In a little while the wicked shall be no more; *
you shall search out their place, but they will not be there.
But the lowly shall possess the land; *
they will delight in abundance of peace.
A trip through the kingdom and to the kingdom will make us hungry and thirsty. Jesus says that our hunger and thirst must be for righteousness and for God’s will to prevail. We must be hungry and thirsty enough ‘to do justice’, as the prophet Micah told us.
Those who truly and fully appreciate God’s boundless mercy and forgiveness will, by definition, show mercy to others and have mercy shown to them.
Jesus understood that purity of action was not what God desired of traveling companions but purity of heart. This purity of heart was what would make God visible, not only in the ‘sweet by and by’ at the end of time but in the ‘here and now’.
Finally, Jesus says that God desires peacemakers. God’s preference for a walk, short or long, is to be with peacemakers. Peacemakers are so prized by God that they are to become, not only traveling companions, but also children and heirs to the kingdom.
Wait, there’s a cost.
The world will not applaud this band of travelers walking humbly with God, falling in love with kindness, and doing justice. The world will not applaud those whose hunger and thirst are for what is right, those who make peace, and those who show mercy. The world will not applaud those who share the sorrow of the world, who celebrate good heartedness rather than judge actions, who are meek enough and brave enough to see God, and all without fear of the consequences. No, the world will not applaud. It never has; it never will.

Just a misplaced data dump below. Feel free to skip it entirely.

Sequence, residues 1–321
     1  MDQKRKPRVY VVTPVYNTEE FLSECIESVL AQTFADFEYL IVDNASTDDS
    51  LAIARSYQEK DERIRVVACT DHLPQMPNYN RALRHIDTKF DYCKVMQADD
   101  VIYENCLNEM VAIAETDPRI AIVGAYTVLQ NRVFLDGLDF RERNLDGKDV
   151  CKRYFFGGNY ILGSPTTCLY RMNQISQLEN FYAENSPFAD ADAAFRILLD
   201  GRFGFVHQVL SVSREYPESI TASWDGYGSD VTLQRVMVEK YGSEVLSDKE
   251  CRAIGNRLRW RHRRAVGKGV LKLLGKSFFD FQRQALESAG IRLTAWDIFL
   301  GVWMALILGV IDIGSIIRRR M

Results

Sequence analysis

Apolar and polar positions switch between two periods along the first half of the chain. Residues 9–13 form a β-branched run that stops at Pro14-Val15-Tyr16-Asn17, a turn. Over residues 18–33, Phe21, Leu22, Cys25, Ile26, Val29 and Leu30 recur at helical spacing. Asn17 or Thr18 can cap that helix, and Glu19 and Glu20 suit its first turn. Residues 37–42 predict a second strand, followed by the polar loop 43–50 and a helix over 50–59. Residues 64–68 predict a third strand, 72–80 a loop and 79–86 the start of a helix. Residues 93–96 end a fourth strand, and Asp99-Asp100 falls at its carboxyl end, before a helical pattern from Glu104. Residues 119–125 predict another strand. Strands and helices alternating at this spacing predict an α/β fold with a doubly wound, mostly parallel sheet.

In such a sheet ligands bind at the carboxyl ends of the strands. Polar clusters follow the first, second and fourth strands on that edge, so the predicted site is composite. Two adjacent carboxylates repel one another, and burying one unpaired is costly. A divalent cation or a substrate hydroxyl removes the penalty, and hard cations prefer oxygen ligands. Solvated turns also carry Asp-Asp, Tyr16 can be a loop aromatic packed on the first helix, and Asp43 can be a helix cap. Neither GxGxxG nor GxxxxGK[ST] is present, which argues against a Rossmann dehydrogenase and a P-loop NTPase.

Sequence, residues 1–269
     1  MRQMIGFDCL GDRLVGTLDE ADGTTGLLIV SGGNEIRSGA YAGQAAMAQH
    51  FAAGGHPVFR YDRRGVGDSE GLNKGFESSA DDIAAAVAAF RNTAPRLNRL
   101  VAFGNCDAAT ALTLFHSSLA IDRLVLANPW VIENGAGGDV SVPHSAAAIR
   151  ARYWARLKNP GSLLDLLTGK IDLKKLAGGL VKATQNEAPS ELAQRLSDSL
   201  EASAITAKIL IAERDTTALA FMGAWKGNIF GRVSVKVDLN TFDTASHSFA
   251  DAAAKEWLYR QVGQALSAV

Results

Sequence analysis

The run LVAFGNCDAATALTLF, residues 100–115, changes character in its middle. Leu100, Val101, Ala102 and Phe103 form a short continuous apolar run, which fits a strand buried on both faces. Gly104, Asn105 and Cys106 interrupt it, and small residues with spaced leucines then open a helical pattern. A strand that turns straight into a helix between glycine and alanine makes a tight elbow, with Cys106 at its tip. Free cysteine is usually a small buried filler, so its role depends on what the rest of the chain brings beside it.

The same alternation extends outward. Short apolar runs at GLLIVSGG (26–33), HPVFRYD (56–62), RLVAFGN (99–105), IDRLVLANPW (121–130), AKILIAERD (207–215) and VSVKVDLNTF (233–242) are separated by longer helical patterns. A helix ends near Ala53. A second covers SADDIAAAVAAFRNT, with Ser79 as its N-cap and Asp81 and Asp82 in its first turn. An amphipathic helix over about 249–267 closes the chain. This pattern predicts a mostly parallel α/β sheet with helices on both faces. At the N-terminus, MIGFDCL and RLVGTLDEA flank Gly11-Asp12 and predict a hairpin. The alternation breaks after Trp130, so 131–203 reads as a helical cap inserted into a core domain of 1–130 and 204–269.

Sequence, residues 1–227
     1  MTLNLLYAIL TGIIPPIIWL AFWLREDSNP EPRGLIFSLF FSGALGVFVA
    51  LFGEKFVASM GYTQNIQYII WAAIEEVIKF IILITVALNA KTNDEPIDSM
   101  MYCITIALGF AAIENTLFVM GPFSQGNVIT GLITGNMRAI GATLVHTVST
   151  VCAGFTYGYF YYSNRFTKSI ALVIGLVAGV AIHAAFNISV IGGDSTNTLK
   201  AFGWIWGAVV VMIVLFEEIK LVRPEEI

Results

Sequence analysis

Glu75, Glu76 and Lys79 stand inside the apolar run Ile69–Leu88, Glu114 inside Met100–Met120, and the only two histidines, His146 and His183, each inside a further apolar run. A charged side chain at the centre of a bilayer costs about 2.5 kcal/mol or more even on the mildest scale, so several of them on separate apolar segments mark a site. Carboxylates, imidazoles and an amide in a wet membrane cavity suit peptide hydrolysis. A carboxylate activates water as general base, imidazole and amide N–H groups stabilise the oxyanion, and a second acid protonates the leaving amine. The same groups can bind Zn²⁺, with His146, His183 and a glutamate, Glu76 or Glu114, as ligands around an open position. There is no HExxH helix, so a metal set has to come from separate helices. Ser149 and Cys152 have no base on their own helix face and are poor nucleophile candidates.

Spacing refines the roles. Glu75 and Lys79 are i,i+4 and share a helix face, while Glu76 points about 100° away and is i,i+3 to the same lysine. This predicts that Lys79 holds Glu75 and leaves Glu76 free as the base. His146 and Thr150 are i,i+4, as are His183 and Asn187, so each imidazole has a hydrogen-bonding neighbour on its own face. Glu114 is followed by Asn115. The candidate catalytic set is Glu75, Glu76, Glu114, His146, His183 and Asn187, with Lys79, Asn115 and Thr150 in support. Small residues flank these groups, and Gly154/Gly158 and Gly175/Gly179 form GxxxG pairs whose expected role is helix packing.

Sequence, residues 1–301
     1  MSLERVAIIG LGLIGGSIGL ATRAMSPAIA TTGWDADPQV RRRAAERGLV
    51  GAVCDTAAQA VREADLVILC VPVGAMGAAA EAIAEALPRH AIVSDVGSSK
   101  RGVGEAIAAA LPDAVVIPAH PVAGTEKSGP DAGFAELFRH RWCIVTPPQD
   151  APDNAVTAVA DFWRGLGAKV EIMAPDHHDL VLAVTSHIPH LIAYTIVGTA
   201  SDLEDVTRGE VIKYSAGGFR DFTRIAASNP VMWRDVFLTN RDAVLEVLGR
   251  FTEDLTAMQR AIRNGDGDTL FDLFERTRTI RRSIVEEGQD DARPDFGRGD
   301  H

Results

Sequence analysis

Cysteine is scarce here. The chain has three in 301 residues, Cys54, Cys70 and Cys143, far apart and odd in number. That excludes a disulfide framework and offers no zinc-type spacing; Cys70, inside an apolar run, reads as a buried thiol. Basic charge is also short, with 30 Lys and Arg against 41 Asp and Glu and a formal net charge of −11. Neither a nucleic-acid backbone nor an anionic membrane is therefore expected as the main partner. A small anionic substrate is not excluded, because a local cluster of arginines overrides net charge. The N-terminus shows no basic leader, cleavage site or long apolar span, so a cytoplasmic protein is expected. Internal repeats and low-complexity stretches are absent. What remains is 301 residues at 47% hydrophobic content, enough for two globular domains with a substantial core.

The invitation today, though, is an invitation to take such a journey or to continue on with such a journey.
As we sing the commitment hymn, I invite any who have not accepted Jesus as Lord and Savior to come forward for prayer at the alter rail.
A deacon from the church will pray with you and answer your questions about how to join this faith community in their journey.
Vaya con Dios! Go with God!
And now unto God the Father, God the Son, and God the Holy Spirit be ascribed all might, majesty, dominion, power, and glory this day and forevermore. Amen.